The productivity, retention, and management of drivers are the three key ingredients for your business’s success. And, the most efficient way to master these concepts is to promote your own drivers. Internal promotion is the best and most cost-effective method to take advantage of the talent that your company has already cultivated. And, this is what fleet route planning software helps you do.
But, is an internal promotion strategy as good as external hiring to get the right manager or dispatcher? What advantages does it bring?
If you want answers to these questions or cannot decide between the two, then read on. In this article, we will give you a clear picture of external hiring trends, why internal promotion is better (without being biased), and how routing optimization software like Route4Me route planner can help.
Trends in External Hiring for Management Positions
To give external hiring credit, there are arguably some upsides to it when compared to internal promotion.
You have a wider population of candidates to choose from. Also, external hires tend to have higher education levels and bring ideas from their previous experiences to your company.
But, there are some significant downsides to external hiring as well that you should consider.
According to a study on the effects of external hiring versus internal mobility, external hires cost 18% more in wages than internal hires. This doesn’t even include the expenses of background checks or recruiting fees.
Most external hires also make lower performance marks for the first two years at a new company. Because of this, they are 61% more likely to be fired than an internal hire within two years of assuming a management position. They are also 21% more likely to quit.
It’s also noted that the whole team’s performance tended to suffer because of the external hire. The team members had to compensate for their new manager being unaware of their procedures and they had to teach the external hire about the organization’s methods.
Why You Should Look Within
Business owners tend to undervalue the importance of “knowing the ropes,” when considering applicants. If you want an advantage over other business owners, then it is worth your time to acknowledge the value of your drivers’ experiences.
The drivers in your company have already established relationships that are essential to conducting the daily business. They know the daily routine, the company’s procedures, and a set of the necessary resources to efficiently make sure that deliveries are made. They even know the culture of your company.
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Another significant advantage of an internal hire is that there is no need for an introductory period or potentially expensive training.
Also, you can look at the driver’s past evaluations and performance records from your internal records to learn whether the candidate is competent enough. The applicant could even already have the respect of his or her coworkers.
In contrast, with external hiring, you will also have a candidate’s credentials or records for review, but you can’t be 100% sure that the candidate is a right fit for your organization.
This is because many candidates exaggerate their resumes with tons of information about skills that they might not even be best at. So, your hiring remains a trial and error method; it might work or it might not work.
And, as a business owner, can you afford to run your business on “mights”?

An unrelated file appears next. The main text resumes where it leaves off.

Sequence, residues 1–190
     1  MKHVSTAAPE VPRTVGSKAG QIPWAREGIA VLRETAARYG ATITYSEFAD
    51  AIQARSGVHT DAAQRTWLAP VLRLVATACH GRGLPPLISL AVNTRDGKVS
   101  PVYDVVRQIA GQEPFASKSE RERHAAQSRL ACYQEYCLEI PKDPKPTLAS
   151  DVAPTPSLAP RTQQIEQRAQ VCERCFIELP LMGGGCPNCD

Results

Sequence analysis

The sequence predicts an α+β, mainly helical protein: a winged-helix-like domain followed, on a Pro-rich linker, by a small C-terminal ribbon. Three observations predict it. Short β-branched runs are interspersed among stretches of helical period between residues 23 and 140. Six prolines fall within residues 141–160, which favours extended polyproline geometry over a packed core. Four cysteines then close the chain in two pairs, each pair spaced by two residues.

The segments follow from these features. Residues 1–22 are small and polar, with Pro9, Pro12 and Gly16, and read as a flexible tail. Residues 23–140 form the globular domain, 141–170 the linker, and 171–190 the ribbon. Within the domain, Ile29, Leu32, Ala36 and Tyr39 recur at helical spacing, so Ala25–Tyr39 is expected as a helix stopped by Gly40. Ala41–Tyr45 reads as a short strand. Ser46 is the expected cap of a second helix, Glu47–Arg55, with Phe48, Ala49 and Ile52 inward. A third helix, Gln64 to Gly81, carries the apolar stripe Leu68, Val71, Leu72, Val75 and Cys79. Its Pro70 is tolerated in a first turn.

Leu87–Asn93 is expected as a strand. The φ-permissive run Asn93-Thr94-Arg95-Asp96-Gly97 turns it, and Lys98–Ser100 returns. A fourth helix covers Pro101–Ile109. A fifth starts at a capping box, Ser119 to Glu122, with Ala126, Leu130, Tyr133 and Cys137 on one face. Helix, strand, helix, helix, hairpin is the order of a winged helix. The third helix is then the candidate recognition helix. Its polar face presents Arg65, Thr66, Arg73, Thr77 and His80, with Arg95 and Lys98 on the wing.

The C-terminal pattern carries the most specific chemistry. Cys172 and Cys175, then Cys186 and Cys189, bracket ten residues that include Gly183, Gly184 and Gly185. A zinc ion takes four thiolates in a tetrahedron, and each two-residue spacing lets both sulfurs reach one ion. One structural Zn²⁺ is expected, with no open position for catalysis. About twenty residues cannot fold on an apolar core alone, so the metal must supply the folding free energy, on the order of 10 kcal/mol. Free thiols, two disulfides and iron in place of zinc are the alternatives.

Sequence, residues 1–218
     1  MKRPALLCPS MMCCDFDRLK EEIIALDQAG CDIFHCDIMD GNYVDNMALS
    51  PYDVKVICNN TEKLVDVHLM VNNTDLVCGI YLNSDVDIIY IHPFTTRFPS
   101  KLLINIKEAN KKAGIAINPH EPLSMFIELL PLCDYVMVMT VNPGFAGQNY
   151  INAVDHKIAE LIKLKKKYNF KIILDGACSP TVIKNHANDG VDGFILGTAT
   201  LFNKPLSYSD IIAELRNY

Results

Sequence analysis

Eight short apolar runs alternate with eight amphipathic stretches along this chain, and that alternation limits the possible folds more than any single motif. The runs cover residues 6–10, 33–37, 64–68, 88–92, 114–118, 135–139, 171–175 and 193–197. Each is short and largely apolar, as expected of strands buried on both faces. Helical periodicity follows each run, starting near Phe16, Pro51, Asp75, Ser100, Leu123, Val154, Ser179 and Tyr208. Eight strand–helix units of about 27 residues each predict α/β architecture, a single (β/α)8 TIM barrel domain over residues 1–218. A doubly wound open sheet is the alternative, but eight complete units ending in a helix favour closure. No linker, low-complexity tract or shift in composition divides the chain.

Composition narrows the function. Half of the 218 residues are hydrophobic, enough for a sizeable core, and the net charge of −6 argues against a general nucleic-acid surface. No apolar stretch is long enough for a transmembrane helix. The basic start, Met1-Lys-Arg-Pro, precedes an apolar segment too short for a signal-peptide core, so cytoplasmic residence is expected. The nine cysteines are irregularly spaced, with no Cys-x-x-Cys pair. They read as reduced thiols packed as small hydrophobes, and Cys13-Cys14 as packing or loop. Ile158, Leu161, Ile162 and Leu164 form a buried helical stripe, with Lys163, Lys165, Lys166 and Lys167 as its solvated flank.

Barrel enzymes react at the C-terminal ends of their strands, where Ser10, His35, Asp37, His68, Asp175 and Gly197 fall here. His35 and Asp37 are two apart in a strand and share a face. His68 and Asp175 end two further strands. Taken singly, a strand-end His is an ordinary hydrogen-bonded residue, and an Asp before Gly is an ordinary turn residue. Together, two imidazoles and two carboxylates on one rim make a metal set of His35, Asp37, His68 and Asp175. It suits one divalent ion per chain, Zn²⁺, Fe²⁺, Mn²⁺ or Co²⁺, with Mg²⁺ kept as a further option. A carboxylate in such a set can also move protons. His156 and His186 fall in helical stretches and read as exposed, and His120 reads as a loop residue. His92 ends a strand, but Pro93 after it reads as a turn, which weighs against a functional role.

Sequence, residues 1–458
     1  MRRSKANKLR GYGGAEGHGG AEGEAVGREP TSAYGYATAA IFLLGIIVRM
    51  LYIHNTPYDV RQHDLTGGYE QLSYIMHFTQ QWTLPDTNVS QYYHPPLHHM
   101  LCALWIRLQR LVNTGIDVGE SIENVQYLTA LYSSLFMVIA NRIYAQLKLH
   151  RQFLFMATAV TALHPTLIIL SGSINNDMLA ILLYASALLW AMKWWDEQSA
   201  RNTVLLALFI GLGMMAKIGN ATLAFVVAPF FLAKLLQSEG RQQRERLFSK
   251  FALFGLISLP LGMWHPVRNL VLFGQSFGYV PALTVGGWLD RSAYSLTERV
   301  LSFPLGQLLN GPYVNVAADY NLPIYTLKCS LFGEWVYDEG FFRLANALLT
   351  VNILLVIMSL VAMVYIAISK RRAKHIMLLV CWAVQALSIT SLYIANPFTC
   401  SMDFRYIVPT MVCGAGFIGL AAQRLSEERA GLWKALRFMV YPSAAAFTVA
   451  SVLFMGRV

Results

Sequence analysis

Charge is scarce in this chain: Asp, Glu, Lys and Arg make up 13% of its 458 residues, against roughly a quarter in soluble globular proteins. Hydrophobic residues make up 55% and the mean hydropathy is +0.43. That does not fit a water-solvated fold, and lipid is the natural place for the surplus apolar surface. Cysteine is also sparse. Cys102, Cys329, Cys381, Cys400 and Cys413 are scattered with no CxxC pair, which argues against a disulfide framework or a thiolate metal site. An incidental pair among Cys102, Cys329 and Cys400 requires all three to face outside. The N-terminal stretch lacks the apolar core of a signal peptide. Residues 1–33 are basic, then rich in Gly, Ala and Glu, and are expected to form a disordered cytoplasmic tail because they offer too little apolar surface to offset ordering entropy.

Also, an externally hired dispatcher might have his or her own way of working that you may not like or that doesn’t fit in with your company’s culture. And, if he or she is coming from a big organization to your small business and applies the previous company’s way of working, it could prove fatal to your business.
Small business operations requires more involvement than large businesses as the latter are more organized than the former and have properly assigned or distributed work responsibility.
If the manager hired externally does not get his or her hands dirty to ensure your business reaches greater heights, then it doesn’t make sense to hire such talent.
How Internal Hiring Improves the Overall Company’s Performance
Establishing a promotion program and a set of opportunities enables your top performers to see that there are chances for advancement within the company that they already know.
Announcing your promotion program will give each driver the chance to feel valued. This will not only give them an incentive to perform better but also create a sense of competition. And, with competition comes motivated employees who volunteer for additional deliveries and difficult jobs.
So, it will create an environment where the drivers are noticed. A driver will start seeking out efficiencies to build his or her reputation as the best on your team.
However, a risk of hiring internally is that it can cause resentment among employees when one is selected over the other.
So, it is important to announce your promotion program and to discuss what factors will be considered for a driver’s advancement.
If it is a fair playing field, it will eliminate the suggestion of favoritism and empower each driver to take their career into their own hands. This rare sense of “fair” in the workplace is a considerable advantage for employee retention.
Who to Consider for Internal Promotion
Every team has one driver who is more dependable than the others. Naturally, you would want to make sure that you keep that driver on your team. Unfortunately, he or she is also a prime candidate for seeking employment elsewhere, if there are no further opportunities in your company.
So, how do you retain the top performers and reward them with management positions?
We have already discussed the promotion program, which is clearly communicated to all of your employees, will include performance metrics that managers should explain to the drivers.